Currently the number of South Africans who belong to a medical scheme stands at just over 8 million. According to the publication of the Council for Medical Schemes, CMS News (Issue 2 of 2009-2010), the number of medical aid beneficiaries increased between January and December 2008 by 3,5%. This growth is relatively slow, and in fact the General Household Survey conducted in 2007 estimated that the percentage of South Africans who belong to medical schemes decreased from 15% of the overall population in 2002 to just 14% in 2007.

There is little doubt among industry analysts and health care brokers that these figures are largely owing to affordability. Most people would like to have some type of health cover, but cannot afford to. Figures indicate that when monthly membership contributions reach more than 15% of overall monthly income, people can no longer afford medical cover. All this points to the fact that there is a great need for affordable medical cover options in South Africa.

Alternatives to medical aid

Hospital plans are far more affordable than comprehensive medical cover. They provide a fixed amount of cover for certain procedures. Medical benefit schemes are also much cheaper than medical aid schemes, but the cover they offer is limited.

Basic medical cover

There are many different medical plans which offer basic cover, i.e., the so-called PMBs or prescribed minimum benefits. These benefits are stipulated in the Medical Schemes Act, 1998, and include treatment for all serious and life-threatening conditions as well as hospitalisation. Conditions not covered by the PMBs and so-called day-to-day consultations (i.e., out-of-hospital consultations) are covered by a savings account portion of the membership premium, which essentially operates like a medical savings account: as long as you have funds in the savings account you can elect to spend it on medical practitioners such as dentists or optometrists. What services you are not able to fund from the savings, you have to pay for yourself.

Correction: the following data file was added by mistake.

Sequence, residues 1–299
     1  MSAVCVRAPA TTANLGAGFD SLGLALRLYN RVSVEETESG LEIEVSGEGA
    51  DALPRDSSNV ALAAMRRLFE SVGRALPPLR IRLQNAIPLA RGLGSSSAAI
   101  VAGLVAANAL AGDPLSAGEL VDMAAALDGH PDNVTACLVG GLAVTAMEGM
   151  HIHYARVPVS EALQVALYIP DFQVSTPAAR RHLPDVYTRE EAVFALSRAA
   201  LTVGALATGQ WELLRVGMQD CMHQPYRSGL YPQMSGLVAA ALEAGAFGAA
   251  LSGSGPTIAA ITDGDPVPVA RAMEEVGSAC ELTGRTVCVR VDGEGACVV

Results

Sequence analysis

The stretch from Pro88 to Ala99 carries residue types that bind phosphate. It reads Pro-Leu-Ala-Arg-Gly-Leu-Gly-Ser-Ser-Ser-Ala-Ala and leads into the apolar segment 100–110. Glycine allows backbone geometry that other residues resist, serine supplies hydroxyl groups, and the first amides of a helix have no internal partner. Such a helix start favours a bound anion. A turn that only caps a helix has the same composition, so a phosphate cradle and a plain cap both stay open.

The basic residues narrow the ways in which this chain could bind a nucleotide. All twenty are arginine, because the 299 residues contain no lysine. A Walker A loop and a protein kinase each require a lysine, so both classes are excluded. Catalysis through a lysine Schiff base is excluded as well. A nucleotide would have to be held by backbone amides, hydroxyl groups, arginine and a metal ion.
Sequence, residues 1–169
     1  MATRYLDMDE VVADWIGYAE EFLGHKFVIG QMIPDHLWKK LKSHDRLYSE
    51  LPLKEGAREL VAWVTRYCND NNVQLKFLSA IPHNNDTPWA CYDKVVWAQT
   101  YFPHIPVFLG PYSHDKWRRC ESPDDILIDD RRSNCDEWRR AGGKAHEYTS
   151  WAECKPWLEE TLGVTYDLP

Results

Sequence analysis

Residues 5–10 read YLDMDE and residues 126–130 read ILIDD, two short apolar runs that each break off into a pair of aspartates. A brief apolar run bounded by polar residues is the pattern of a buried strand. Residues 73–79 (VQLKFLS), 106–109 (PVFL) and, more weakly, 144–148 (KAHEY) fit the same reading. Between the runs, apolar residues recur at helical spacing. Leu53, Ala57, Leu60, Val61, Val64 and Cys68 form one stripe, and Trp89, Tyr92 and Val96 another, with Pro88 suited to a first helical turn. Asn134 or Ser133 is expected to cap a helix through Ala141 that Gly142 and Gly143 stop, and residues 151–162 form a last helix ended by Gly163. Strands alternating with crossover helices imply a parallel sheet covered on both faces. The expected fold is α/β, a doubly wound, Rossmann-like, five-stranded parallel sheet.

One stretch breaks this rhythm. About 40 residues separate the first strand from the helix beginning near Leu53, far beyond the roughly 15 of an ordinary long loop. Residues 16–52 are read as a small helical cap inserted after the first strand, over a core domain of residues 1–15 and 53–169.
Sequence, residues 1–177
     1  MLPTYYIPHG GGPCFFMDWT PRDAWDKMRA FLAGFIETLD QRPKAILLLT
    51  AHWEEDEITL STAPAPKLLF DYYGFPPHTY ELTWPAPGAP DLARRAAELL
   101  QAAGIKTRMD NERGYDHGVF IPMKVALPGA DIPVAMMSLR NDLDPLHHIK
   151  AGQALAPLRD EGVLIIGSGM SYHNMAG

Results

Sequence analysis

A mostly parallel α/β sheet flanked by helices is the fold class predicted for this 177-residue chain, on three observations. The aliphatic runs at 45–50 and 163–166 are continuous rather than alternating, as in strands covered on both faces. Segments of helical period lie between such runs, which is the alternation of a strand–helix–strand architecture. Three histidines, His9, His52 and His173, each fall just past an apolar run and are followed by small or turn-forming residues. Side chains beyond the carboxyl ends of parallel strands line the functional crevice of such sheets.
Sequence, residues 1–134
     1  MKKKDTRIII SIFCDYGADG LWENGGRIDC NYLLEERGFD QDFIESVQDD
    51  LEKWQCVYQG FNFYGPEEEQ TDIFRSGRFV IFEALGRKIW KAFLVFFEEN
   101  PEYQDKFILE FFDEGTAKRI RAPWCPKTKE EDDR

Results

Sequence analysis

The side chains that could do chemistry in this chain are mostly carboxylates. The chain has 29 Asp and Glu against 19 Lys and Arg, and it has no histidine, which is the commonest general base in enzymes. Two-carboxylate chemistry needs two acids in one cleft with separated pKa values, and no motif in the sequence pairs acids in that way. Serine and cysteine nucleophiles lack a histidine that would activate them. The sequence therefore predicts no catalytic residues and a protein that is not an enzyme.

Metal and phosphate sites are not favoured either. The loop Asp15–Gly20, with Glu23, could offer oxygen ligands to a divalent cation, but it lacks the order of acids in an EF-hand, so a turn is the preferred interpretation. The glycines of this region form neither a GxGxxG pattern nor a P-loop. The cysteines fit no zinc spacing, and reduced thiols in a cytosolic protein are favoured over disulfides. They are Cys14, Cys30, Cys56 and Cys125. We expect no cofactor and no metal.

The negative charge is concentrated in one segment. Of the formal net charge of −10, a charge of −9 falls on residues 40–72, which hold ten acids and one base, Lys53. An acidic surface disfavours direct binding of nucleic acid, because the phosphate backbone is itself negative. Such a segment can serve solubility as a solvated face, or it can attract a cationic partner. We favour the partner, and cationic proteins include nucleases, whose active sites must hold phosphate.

Designated service providers

Another way medical schemes have devised of making health cover more affordable is to enter into agreements with so-called “designated service providers”. These are doctors, specialists and other health care providers who charge rates agreed to with the medical aid. The benefit to the medical aid member is that the fees are paid in full by the medical aid, and the benefit to the service provider is that the payment is made automatically. Often there is also a so-called capitation agreement: the health care provider is paid a fee per member per month.

Discovery Health health medical aid has pioneered this system in South Africa, and after some initial resistance from the medical profession, today 80% of all medical practitioners in the country are designated service providers of Discovery, and the practice has been emulated by other medical schemes such as Momentum medical aid.

There has been a tremendous growth in low-income medical cover options that are based on either capitation or network arrangements over the past five years, by more than 13%, which is far above the growth in other types of medical cover. By minimising the cost of day-to-day benefits, through the introduction of personal medical savings accounts and designated service providers, these medical schemes have made medical cover affordable to a larger segment of the South African population.

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